Sure, if he said these things last week. Or even a couple of years ago. But 8 years ago? When he was 16? Listen, social media was not around when I was 16 and thank God for that. I said dumb enough stuff when I was in my twenties (though nothing racist ever, that I remember.) What really bugs me about cancel culture (this idea that as soon as we find one bad thing about someone no matter how far in their past they should be "canceled" or removed from whatever influence they have) is that it doesn't give people room to grow.
If we dig deep enough in everyone's past we have all said or done something awful at some point in our lives. As Avenue Q reminds us, everyone's a little bit racist. I am not excusing racism - not in the least. But we have to give people a chance to own up to their mistakes, to change, to become better people. As Maya Angelou taught us, "Do the best you can until you know better. Then when you know better, do better." I'm guessing that King knows better now about what is and isn't racist, what is and isn't appropriate, now at 24 than he did at 16. Don't we all know better now than we did at 16? About everything?
So how did Carson King respond?
King responded by reaching out to local news stations so he could issue a public apology. He didn't wait for the media to come to him, he reached out. With a real apology. I cannot emphasize enough how important that is. So often when a public figure is called out on something they give an apology that is along the lines of "I'm sorry you were offended." They don't actually take responsibility for their words. King gave a real apology and you can tell that it is heartfelt - you can watch that footage here.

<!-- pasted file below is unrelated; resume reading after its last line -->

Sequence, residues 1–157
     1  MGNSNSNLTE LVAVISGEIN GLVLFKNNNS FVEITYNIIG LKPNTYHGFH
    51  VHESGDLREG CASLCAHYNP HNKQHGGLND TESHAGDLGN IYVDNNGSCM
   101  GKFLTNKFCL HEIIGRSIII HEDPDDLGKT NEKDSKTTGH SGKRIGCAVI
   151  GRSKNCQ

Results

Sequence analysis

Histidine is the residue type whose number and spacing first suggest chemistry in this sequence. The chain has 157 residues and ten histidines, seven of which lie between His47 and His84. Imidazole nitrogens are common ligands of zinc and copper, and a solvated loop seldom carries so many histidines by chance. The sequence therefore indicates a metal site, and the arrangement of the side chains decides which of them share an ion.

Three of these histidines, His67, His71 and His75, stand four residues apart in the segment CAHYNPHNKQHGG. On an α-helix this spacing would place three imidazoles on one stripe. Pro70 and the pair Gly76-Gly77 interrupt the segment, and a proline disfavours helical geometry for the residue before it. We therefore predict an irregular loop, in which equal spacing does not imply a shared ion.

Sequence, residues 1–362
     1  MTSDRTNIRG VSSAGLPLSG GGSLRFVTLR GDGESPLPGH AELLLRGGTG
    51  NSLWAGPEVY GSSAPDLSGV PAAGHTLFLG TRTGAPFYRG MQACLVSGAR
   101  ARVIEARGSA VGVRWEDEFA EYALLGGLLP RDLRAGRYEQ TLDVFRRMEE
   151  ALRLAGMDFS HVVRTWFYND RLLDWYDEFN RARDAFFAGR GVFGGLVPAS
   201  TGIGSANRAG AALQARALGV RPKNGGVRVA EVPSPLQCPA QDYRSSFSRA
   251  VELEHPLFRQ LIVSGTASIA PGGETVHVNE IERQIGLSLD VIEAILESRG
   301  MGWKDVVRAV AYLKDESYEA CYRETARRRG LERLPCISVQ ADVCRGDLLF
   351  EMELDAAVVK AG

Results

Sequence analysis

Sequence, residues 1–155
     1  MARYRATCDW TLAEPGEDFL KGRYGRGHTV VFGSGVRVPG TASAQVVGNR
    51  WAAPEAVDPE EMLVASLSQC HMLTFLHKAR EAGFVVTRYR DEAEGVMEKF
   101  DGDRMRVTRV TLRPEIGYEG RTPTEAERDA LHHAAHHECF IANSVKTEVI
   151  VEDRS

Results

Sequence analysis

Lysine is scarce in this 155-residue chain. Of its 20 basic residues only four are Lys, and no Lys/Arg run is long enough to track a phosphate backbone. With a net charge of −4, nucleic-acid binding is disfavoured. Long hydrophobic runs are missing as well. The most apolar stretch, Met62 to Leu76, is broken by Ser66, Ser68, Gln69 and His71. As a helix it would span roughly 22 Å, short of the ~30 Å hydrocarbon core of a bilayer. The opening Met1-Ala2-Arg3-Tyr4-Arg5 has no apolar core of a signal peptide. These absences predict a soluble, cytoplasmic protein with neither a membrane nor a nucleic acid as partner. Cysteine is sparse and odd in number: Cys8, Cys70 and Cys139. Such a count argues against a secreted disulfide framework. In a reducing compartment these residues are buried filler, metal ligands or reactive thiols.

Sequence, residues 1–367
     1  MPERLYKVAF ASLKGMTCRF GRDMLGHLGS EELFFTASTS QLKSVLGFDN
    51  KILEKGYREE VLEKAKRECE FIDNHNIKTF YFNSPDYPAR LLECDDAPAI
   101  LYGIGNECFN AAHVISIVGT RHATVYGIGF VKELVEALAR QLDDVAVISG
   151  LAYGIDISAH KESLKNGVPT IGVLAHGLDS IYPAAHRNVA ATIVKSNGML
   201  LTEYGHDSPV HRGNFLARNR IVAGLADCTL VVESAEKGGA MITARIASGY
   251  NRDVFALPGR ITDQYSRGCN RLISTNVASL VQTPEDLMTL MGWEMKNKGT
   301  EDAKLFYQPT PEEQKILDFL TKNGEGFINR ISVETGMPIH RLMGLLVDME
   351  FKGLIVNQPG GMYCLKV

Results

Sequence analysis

Why were these tweets looked into in the first place?
I mean, good question! The Des Moines Register, who is coming under massive social media fire, put out a statement earlier today explaining their rationale. If you want to read the whole thing you can find it on their Facebook page here (along with over 9,000 mostly angry comments) but the gist of it is this: They wanted to do a profile on King and standard work on a profile includes going through all publicly available social media, then once they found the racist tweets they felt that information had to be shared so people involved with him would know. They planned to include just a paragraph about it at the end of the article. Basically, it's standard procedure and not our fault!
Now, to be fair to The Des Moines Register, King preempted them.